Me sitting in the foreground of Root Glacier with Wrangell Mountains in the background

Wrangell-St. Elias National Park

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Wrangell-St. Elias National Park and Preserve is our nation’s largest national park, but most people have never heard of it. It encompasses 13.2 million acres including the Wrangell, St. Elias, Chugach, and Alaska Ranges, 9 of the 16 highest peaks in the United States, and countless glaciers. Although it is over twice the size of Denali, it receives only around 70,000 visitors per year as opposed to Denali’s over 500,000 (these are pre-pandemic numbers). Accessibility plays a huge role in that statistic. Most of the park is backcountry, without roads or direct access, so the vast majority of visitors will only see the perimeters of the park.

Copper Center Area

Copper Center Visitors Center is along the Richardson Highway. This is by far the most easily accessible entryway into the park. There are short hiking trails, a book store, and a theater featuring a film about the park. Park rangers are available to give advice about backcountry planning and daily ranger programs. The Ahtna Cultural Center is next door with a museum and information on the native people of this part of Alaska.

Nebesna Area

The Nebesna Road begins at mile 60 on the Glenn Highway and explores the northern part of Wrangell-St. Elias. The road is an unpaved, unmaintained gravel road that leads 42 miles into the park. There are no services (fuel, food, lodging), so a trip here requires preparation and self-reliance. The Slana Ranger Station is a good source for road conditions.

Yukutat and Coastal Area

Yukutat is a native village in southeast Alaska that is about 10 miles from the park boundary. There’s no direct access to the park here other than by boat or plane. Hubbard Glacier is the main attraction for this area of the park. It is the United State’s longest tidewater glacier and a popular stop on cruise ship itineraries. The glacier flows 76 miles from Mt. Logan in Canada’s Yukon Territory, into Wrangell-St. Elias National Park and terminates in the Gulf of Alaska. With a glacier face that is 6 miles wide, it’s an impressive sight.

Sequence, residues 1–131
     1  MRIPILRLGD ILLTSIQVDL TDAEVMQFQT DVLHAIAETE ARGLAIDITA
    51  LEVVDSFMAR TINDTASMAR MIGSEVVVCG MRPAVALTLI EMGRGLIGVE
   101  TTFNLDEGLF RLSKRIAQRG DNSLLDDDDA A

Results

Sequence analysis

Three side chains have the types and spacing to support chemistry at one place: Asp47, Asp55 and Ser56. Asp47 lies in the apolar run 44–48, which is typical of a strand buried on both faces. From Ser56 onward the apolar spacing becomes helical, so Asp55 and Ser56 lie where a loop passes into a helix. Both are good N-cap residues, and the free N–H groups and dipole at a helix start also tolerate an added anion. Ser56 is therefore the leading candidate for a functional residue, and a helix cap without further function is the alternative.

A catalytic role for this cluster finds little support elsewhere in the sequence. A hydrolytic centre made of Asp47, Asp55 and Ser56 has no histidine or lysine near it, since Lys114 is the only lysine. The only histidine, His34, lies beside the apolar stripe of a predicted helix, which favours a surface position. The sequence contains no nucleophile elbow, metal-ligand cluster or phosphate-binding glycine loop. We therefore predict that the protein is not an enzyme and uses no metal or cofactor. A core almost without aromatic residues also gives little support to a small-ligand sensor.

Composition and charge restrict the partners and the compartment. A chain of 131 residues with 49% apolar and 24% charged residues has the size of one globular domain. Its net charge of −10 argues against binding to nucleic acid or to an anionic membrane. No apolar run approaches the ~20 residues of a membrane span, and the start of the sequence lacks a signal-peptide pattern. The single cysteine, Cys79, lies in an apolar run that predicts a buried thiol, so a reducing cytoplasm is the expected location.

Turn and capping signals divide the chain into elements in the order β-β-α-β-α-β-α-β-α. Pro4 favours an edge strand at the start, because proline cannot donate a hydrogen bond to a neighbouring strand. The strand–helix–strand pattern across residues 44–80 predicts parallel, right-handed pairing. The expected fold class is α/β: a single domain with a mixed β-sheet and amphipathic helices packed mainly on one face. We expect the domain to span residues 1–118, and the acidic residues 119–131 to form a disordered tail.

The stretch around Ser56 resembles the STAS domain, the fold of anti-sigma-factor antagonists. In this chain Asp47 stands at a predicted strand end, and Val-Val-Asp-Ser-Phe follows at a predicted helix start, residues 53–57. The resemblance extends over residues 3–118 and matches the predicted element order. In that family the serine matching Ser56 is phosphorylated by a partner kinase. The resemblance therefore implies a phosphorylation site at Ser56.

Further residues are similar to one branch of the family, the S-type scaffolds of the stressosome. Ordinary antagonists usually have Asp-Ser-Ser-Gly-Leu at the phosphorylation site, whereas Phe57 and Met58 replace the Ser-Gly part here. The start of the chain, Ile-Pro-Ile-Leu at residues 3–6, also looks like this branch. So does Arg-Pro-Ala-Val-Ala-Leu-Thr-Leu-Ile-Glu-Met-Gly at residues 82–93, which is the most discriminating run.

Kennecott and McCarthy Area

This is the area of the park that most visitors will see. Although this area offers the most variety of lodging, dining, and activities it is still not easy to get there. The drive from Anchorage is about 8 hours and the last 59 miles is along the infamous McCarthy Road which was constructed over old railway tracks and is gravel. Only a few rental car companies allow travel along the road, so be sure to check before heading out. Once you get to the park boundary, you must park your car and then take a local shuttle into Kennecott or McCarthy. Alternative methods of getting to this area of the park are by flying from Chitna or by shuttle from Anchorage.

Kennecott Mines National Historic Landmark

One of the most interesting areas of the park is the Kennecott mill town and mines.  If the area seems remote today, just imagine what it was like in the early 20th century.  In the summer of 1900, prospectors discovered copper ore deposits alongside Kennicott Glacier.  Once mining began, the problem of getting vast amounts of copper and silver out of the valley became apparent. Within a few years, the Kennecott Copper Corporation was formed and investors (the Gugenheim and J.P. Morgan families) funded the construction of a railway in order to move the lucrative copper out of Alaska.

Mining in Kennecott was shut down in 1938 but in the three decades it was in operation, Kennecott and McCarthy became bustling towns. Miners and their families lived there full-time. There was a school for the children, a post office, and a hospital that had Alaska’s first xray machine. For entertainment, Kennecott had movie nights, holiday celebrations, dances, and concerts.

After the mining company stopped operating, Kennecott and McCarthy became ghost towns. Few people remained and the buildings fell into disrepair. In 1998, the National Park Service acquired the buildings and land of Kennecott and began restoration. Today, you can tour many of the buildings and see artifacts from over a century ago.

Is it Kennecott or Kennicott? The town and mining corporation of Kennecott was named for Kennicott Glacier, but someone inadvertently replaced the I with an E, hence the spelling variation.

Other Activities

There are several day hikes around Kennecott including the hike along Root Glacier and hikes to the abandoned mine entrances.

St. Elias Alpine Guides offer glacier hiking tours as well as ice climbing tours. You can read more about that in my post Go Take a Hike.

St. Elias Alpine Guides also has backcountry hiking, rafting excursions, and mountain climbing adventures. They can assist with the logistics of planning your own backcountry trip.

What’s your favorite Alaska national park?

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I fell in love with Alaska in 2007 when I took my first trip there. Planning that first vacation was very overwhelming and I found myself looking for help. Since then I've spent countless hours researching, reading, and watching anything and everything Alaska. I started this website to help you find the fun in the planning and get your dream Alaska vacation.

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